To answer that question, we need to distinguish between health care costs and health insurance costs, and between the cost of insurance actually purchased under the ACA and employer-sponsored insurance.  Only about 12 million people actually purchased individual plans on the insurance markets established under Obamacare (an additional 10 million or so got coverage through the expansion of Medicaid.  The vast majority of Americans under the age of 65 continue to get coverage through their employer.  The good news is that for those folks, premium costs are actually going up more slowly than before the law.  Yes, Obamacare has actually decreased health insurance inflation for the 154 million people with employer-sponsored insurance.  As cited in a Commonwealth Fund study released today: “Compared to the five years leading up to the ACA, premium growth for single health insurance policies offered by employers slowed both in the nation overall and in 33 states and the District of Columbia.”  The rub is that at least some of this is due to employers shifting more of the costs onto workers via high deductible plans (a trend that predates but was accelerated by the “Cadillac tax” provision of the ACA).  And the increase in out-of-pocket costs hurts, even if it’s offset in part by the absence of cost-sharing for preventive services.  But it’s impossible to argue that overall Obamacare has made health insurance more expensive.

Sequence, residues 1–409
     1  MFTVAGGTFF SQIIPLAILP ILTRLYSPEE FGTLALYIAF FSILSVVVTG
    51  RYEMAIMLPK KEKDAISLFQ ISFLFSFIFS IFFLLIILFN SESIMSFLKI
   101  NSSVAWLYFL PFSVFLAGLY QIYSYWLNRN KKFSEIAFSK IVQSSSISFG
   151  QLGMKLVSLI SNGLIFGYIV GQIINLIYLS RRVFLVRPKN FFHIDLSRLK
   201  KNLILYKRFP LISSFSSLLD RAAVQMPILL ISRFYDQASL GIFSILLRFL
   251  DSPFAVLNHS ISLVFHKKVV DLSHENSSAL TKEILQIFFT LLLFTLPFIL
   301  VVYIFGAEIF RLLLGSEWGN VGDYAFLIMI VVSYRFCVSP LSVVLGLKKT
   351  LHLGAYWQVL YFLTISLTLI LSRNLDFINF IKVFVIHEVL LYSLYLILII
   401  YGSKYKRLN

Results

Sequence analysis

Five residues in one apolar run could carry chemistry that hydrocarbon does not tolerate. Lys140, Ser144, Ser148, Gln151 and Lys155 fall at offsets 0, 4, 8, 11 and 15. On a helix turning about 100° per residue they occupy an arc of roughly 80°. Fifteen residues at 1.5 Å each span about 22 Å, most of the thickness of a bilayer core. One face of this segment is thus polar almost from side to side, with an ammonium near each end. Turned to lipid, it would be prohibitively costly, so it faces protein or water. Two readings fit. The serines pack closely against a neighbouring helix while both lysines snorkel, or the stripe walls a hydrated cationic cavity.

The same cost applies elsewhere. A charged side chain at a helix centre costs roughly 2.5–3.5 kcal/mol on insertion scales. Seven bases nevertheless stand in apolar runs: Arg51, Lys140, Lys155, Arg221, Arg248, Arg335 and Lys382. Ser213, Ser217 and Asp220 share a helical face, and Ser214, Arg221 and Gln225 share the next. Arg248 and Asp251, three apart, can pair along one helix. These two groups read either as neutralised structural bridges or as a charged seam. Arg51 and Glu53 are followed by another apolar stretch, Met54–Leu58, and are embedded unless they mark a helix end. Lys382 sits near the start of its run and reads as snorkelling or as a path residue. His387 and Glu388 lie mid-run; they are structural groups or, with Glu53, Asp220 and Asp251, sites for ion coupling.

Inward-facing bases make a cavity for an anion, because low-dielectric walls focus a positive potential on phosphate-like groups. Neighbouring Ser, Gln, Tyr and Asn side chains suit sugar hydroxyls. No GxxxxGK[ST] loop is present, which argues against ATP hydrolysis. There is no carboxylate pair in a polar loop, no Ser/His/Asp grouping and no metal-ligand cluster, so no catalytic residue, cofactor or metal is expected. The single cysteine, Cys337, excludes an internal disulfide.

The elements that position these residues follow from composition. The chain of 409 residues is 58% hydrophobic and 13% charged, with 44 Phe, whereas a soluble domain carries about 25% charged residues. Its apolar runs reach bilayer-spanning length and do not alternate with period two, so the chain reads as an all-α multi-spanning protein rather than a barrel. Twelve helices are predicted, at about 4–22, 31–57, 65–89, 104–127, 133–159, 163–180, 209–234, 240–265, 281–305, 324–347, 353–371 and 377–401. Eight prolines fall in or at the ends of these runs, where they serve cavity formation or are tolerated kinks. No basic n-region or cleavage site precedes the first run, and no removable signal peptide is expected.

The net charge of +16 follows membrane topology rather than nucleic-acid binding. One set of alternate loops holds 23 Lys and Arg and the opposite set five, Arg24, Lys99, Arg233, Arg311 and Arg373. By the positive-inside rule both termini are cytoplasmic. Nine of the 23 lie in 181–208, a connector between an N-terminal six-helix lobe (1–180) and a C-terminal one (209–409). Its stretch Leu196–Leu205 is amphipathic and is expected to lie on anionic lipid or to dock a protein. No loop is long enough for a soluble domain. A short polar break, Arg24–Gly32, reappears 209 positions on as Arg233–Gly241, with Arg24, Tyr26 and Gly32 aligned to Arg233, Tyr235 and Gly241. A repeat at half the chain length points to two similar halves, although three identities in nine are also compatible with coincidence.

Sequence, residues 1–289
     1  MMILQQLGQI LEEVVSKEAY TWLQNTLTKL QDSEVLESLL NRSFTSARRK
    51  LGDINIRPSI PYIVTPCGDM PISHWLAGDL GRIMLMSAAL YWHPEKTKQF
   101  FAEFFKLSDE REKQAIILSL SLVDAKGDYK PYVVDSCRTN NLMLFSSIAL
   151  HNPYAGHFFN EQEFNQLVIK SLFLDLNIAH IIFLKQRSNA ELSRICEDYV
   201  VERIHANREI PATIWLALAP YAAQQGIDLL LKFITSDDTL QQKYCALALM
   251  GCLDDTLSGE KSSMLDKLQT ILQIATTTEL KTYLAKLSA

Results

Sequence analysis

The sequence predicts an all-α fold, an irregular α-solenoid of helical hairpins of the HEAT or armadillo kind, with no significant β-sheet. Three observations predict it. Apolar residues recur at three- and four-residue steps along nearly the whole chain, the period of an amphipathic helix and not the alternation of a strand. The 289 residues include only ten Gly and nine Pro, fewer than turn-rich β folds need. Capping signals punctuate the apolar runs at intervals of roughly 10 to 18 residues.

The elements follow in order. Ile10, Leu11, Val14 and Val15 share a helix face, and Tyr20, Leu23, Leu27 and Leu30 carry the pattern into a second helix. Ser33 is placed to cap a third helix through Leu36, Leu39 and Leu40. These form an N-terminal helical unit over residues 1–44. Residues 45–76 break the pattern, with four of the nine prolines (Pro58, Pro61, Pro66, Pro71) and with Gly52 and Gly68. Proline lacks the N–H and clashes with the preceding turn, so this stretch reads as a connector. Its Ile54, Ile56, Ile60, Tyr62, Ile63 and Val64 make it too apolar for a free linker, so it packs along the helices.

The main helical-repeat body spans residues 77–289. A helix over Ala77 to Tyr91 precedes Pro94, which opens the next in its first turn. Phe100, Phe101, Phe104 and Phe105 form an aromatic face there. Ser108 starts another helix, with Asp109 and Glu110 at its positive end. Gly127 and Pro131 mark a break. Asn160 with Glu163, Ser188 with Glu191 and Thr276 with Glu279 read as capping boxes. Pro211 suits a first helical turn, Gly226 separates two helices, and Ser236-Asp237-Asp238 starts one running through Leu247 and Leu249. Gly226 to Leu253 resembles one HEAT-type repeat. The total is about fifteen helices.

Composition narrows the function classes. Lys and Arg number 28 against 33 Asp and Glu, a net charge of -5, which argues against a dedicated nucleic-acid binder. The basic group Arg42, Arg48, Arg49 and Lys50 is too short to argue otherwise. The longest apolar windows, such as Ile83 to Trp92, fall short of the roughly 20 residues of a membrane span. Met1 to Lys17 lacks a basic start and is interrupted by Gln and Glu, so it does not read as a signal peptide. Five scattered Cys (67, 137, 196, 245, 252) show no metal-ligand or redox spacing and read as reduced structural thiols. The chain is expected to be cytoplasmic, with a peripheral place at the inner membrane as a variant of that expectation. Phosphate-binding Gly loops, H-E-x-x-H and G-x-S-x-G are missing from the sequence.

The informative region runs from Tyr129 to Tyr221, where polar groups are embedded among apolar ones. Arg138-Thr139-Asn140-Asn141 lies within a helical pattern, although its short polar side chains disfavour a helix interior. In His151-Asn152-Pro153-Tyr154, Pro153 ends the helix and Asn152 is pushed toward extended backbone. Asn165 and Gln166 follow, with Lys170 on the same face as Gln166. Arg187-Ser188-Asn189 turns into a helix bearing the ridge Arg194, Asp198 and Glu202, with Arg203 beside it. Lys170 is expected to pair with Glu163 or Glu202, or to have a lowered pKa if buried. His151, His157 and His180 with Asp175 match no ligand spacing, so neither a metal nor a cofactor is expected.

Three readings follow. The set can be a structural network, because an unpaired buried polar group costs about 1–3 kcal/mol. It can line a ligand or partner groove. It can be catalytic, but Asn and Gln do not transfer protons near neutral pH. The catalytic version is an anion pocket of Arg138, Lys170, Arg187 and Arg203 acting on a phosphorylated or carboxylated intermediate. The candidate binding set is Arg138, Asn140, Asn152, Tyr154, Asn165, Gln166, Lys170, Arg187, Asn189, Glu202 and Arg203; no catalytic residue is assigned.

So what about those 70% increases being thrown around.  Well, for the plans purchased on the Obamacare marketplace (formerly known as the exchange), premiums are going up steeply next year – an average of 22%, and in some areas much higher.  Doesn’t this prove the law is a failure?  Yes and no. First of all, given lower than expected premiums in the first years of the marketplace, the actual premiums for 2017 are pretty much in line with what was forecast when the law was first drafted. (Full disclosure: Doug Elmendorf, the director of the Congressional Budget Office who produced that forecast, was a college classmate.)

More importantly, let’s look at the reasons for the huge jumps in marketplace premiums for 2017:

  1. Many companies have withdrawn from the exchanges, leaving less competition
  2. The reason companies have pulled out is they were losing money, due to:

a. Too few healthy people signing up

b. Setting too low a price in the past to attract more people

In other words, the free market – which despite the rhetoric is exactly what Obamacare established, a market for insurers to compete for customers – is doing exactly what the free market does.  Insurers are charging as much as they can in a non-competitive environment.